A study published in Brain, led by researchers
at UCL Institute of Neurology, has shown that genetic mutations which
cause a decrease in dopamine
production in the brain and lead to a form of childhood-onset Dystonia,
also play a role in the development of Parkinson’s disease.
The new Leonard Wolfson Experimental Neurology Centre (LWENC) has opened for clinical studies and trials
In this paper Claudia Manzoni studies how fibroblast
cells from people with Parkinson’s disease caused by mutations in LRRK2
react to starvation. Although the changes are quite subtle, there are
differences between the way that fibroblasts that contain mutant LRRK2
respond to being starved – suggesting that there may be changes in the
way that these cells regulate a key process called autophagy (a term
which comes from the greek meaning to eat yourself, and is one of the
ways that cells get rid of waste and recycle proteins and organellles).
Research led by consortium researchers Dr Helene Plun-Favreau (UCL Institute of Neurology) and Dr Alex Whitworth (University of Sheffield), and collaborator Dr Heike Laman (University of Cambridge), has discovered how genetic mutations linked to Parkinson’s disease might play a key role in the death of brain cells, potentially paving the way for the development of more effective drug treatments. In the new study, published in Nature Neuroscience, the team of cross-institutional researchers showed how defects in the Parkinson’s gene Fbxo7 cause problems with mitophagy. More...
Mutations in LRRK2 are the most common genetic cause of Parkinson’s disease. Here, Claudia Manzoni talks about her research (funded by the Rosetrees Trust and the Michael J. Fox Foundation) into what LRRK2 might be doing within the cell: Parkinson’s disease is a brain illness that afflicts 1 in 500 people in the UK. High profile patients, such as the actor Michael J Fox, the boxer Muhammad Ali and the late Pope John Paul II, have raised public awareness of Parkinson’s and its devastating impact. More...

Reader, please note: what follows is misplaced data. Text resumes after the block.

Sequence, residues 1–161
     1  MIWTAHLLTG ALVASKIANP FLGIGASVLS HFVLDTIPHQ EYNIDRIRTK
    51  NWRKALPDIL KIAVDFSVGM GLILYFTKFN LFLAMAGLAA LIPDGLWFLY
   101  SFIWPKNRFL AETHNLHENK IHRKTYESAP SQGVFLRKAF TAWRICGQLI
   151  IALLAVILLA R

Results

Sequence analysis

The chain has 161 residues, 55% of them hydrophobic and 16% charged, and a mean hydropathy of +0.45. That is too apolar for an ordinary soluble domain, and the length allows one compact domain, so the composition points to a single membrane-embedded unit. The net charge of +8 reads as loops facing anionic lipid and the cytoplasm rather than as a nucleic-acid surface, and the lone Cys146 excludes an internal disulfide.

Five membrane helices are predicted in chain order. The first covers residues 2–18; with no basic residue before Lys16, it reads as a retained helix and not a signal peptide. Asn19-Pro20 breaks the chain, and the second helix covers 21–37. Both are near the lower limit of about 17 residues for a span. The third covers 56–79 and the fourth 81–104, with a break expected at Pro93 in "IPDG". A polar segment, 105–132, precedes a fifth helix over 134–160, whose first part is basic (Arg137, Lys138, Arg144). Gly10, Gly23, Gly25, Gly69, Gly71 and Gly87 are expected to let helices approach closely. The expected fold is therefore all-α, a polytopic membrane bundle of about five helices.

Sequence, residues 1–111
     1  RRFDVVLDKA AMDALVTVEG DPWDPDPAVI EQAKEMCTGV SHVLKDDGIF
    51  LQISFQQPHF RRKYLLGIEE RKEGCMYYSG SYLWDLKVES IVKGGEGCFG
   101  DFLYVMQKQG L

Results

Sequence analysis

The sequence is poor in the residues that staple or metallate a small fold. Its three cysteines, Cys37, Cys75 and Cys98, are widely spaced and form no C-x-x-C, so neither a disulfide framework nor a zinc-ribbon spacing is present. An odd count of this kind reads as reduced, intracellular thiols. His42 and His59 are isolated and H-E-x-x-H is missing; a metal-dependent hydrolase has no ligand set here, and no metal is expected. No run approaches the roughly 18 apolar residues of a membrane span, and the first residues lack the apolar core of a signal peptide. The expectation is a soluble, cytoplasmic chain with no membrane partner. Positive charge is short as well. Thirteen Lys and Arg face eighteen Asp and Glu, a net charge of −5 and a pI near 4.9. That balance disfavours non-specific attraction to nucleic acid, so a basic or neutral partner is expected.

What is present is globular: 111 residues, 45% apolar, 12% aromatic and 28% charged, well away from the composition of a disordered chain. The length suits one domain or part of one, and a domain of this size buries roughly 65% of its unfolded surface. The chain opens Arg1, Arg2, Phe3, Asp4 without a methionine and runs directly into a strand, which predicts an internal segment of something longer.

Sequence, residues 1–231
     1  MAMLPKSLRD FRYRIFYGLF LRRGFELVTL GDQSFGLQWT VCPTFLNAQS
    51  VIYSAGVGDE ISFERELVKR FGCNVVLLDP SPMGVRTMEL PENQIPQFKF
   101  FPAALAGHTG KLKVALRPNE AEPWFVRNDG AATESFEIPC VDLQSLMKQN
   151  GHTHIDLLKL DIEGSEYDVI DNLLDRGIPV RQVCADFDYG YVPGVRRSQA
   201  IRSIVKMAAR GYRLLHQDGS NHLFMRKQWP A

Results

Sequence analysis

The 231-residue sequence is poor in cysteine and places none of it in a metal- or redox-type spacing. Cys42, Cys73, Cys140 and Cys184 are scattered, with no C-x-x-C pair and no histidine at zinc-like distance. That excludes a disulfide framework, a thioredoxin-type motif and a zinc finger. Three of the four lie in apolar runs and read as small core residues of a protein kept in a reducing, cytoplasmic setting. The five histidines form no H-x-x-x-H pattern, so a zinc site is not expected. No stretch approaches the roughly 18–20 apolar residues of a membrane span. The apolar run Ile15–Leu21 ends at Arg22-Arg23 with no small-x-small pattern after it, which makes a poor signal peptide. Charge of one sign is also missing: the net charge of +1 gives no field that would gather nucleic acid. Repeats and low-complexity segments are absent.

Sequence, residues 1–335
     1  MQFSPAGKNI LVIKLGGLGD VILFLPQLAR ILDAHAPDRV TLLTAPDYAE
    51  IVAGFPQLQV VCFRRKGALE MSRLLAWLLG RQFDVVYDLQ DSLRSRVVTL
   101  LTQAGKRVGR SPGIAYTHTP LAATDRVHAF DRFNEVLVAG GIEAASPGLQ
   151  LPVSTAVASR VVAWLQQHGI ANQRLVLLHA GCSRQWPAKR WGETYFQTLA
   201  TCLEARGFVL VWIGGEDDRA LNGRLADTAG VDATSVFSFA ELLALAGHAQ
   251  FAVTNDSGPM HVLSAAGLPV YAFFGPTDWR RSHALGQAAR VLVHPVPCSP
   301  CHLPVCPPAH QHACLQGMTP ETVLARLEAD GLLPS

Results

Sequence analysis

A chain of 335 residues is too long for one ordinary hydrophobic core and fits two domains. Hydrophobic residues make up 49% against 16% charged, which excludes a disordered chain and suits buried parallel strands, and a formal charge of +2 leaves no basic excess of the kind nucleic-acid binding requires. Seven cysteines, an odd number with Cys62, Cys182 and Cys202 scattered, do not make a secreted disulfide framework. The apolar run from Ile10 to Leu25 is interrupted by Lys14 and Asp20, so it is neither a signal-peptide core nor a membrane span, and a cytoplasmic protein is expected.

My research interests are in the genetic analysis of disease. Historically, we have worked on the genetic analysis of Alzheimer's disease and other dementias. More recently, we have worked on Parkinson's disease and other movement disorders and, most recently on motor neuron disease. Our early studies were on mendelian forms of disease and these studies continue, but an increasing focus has been on the genetic analysis of complex traits related to disease. Additionally, this latter analysis has made us increasingly interested in population genetics because the risk variants for human traits are likely to be different in different racial groups. In all cases our intention is to develop an understanding of the underlying genetics of a disorder so we can work with those making cellular and animal models of the disease to help, both in the unerstanding of disease mechanisms and to help in the search for treatements. In this regard, we therefore have three types of collaborations: collaborations with clinicians who treat patients with disease, especially colleagues at the Institute of Neurology, but also elsewhere, collaborations with other geneticists to collaboratively analyse such patient material, and collaborations with cell biologists and transgenic mice people to eneble them to build good models of disease.
John Hardy is the Head of the Department of Molecular Neuroscience and Chair of Molecular Biology of Neurological Disease at the UCL Institute of Neurology. Prof Hardy is the most cited Alzheimer's disease researcher in the UK (5th internationally). In recognition of his exceptional contributions to science, he was elected a Fellow of the Royal Society in 2009.esearcherID
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